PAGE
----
TZ: Yes, it came to me through Braden, who works with Sly directly, and he saw some of my work with Bruce Springsteen and connected to it and brought it to Sly’s attention and they set up a meeting and I met Sly in L.A. And right at the very beginning of being in the room with Sly, that dictated how I wanted to make this film. I knew that he was full of energy, just from that meeting. I knew that there was no putting him in a chair, sitting down. He had to be standing, more spontaneous.

HtN: Speaking of Stallone’s presence in front of the camera, you often choose to photograph him using a handheld camera for some of these “man in the house” interviews. What motivated that choice? Is it because he’s just so kinetic and is moving around so much?

Sylvester Stallone in Sly.

TZ: I knew, after meeting Sly, that I would have to go in there with basically no crew. There would just be a cameraman and myself. And I knew that I had to have the space lit in a way where he could go anywhere, so I went in in advance and lit in a way that would read as not being lit, but also could just have him in any space in the room. I knew that the language of the camera had to be handheld to keep up with him. I used the environment and I used the handheld camera to give the viewer that feeling of conversation. I didn’t want it to feel like I had a list of questions and I was checking off all the boxes about his career. And I never usually include my own voice, but in this film I did a couple of times because it just demonstrated the conversations we were having, and how sometimes I would challenge him. Or he would challenge his younger self, like when we were listening to the cassette of past interviews. That gave it a very vérité feel.

HtN: How much of the archival footage that we see in the film were you able to get from Sly, himself? There’s so much great archival in there.

 TZ: The beauty of this film is that I had this collaboration with Braden Aftergood where he would tell me about certain things. The cassettes were one of them, and they became a key element to find the voice of Sly as a young actor, being natural and a young artist and not talking in soundbites. Braden was definitely a source to remind me of those treasures.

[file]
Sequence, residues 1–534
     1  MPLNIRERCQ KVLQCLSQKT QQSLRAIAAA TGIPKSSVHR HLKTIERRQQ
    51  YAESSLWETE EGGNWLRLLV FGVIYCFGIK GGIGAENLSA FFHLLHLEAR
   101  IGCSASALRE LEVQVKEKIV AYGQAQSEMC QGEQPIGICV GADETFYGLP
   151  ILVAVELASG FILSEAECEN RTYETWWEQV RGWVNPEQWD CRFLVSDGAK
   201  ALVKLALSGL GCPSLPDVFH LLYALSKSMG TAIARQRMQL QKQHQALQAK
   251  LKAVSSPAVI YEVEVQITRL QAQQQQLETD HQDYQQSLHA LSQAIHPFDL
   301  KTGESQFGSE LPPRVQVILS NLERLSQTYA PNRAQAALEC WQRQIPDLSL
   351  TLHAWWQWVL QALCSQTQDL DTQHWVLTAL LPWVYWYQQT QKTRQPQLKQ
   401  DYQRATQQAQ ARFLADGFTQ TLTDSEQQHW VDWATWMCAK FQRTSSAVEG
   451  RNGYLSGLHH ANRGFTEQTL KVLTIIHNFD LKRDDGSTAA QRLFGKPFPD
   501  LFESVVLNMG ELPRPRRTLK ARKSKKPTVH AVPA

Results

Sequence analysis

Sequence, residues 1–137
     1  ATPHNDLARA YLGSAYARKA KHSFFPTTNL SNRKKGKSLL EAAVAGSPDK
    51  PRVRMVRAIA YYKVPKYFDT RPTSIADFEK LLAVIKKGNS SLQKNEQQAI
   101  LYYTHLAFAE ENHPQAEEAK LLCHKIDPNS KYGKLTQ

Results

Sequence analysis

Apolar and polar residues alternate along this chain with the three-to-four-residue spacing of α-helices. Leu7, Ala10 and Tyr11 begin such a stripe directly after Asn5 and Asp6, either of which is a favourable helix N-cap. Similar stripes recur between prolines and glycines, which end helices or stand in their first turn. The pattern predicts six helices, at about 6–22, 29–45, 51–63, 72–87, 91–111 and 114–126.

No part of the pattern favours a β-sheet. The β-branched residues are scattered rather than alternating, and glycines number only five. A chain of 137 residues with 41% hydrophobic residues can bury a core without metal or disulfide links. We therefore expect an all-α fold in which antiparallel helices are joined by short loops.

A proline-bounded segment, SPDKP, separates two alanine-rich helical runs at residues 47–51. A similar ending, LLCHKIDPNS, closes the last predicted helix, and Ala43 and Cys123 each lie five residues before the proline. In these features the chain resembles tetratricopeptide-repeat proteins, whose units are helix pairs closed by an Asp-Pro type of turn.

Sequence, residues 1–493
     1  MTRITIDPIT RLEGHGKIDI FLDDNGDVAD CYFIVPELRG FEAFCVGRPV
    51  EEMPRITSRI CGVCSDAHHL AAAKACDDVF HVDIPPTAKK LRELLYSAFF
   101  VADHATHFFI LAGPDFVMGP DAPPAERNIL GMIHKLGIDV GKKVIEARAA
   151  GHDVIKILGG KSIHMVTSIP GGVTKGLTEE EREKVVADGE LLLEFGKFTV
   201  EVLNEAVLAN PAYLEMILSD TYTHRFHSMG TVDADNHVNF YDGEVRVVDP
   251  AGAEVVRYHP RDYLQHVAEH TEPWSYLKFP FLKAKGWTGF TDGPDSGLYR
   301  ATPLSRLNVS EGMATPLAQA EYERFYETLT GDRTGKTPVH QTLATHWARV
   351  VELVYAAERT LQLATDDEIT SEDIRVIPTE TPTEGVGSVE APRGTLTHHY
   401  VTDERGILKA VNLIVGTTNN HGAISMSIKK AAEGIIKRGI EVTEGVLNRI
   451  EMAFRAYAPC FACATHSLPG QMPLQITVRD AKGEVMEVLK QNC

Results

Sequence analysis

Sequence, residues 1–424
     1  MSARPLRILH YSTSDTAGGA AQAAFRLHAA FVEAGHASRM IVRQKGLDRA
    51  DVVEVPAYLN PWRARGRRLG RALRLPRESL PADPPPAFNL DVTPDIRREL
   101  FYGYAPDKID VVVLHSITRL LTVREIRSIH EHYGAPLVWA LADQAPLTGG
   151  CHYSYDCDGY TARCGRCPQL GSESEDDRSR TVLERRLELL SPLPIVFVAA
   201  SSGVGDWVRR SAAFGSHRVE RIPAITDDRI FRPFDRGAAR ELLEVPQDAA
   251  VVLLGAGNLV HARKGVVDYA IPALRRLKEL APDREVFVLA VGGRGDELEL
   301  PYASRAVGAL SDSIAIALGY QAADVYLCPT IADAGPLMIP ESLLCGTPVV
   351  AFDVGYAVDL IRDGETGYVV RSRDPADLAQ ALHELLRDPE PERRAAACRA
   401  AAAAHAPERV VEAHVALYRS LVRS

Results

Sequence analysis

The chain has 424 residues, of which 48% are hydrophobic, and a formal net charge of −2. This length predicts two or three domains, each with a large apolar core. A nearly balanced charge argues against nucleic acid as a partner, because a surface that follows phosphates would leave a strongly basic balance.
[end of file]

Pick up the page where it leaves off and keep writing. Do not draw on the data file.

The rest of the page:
But I also had an amazing team, who tracked down a ton or archive that represented things that would tell the story but felt like they weren’t things we had seen. And Sly himself also participated in this. He sent me, by phone, videos of his dad that I ended up using in the film, and that was a great gift because it gave the film this personal moment of seeing his dad at the end of his life and the deep connection that they had and also some of the pain that you see in the story. And Sly would also send me stills of his early days of acting. And in my edit room, I would just cover the walls with photos, and one day I had Sly come to that room, where we did one of the interviews.

HtN: In working so closely with Sly and his producer, what challenges did you face as a filmmaker in perhaps wanting to show your subject, flaws and all, when you have such a close personal relationship with him behind the camera?

 TZ: I think that it wasn’t hard for me to show a full picture of Sly. There are moments of him discussing regret that he wasn’t with his family more when he was focused on films. I never felt for a moment that I had to hold back on an idea based on my communication with Sly or the time I had spent with him. If anything, I felt like I owed the film that level of honesty. I was chasing after bigger ideas—I was chasing after story points that gave you a sense of the man—and I wasn’t afraid to lose that connection with Sly if I told a certain fact. I was hoping he would walk away and say, “It’s a real experience of who I am.” And that’s actually what he said to me when he screened it. And that includes the beauty of his life and some of the flaws and mistakes. Having him talk about things so honestly was the guiding force for my edit. He was giving me the truth, where he discusses the idea of regret or fear or not being understood. So I owed the film that same level of honesty and attention to detail.

HtN: Well, thank you so much for making it and for talking to me!

 TZ: Thanks so much!

– Christopher Llewellyn Reed (@ChrisReedFilm)

Netflix; Thom Zimny; Sly documentary movie review

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Christopher Llewellyn Reed is a film critic, filmmaker, and educator. A member of both the Online Film Critics Society (OFCS) and the Washington DC Area Film Critics Association (WAFCA) and a Rotten Tomatoes-approved film critic, he is: lead film critic at Hammer to Nail; editor at Film Festival Today; formerly the host of the award-winning Reel Talk with Christopher Llewellyn Reed, from Dragon Digital Media; and the author of Film Editing: Theory and Practice. In addition, he is one of the founders and former cohosts of The Fog of Truth, a podcast devoted to documentary cinema.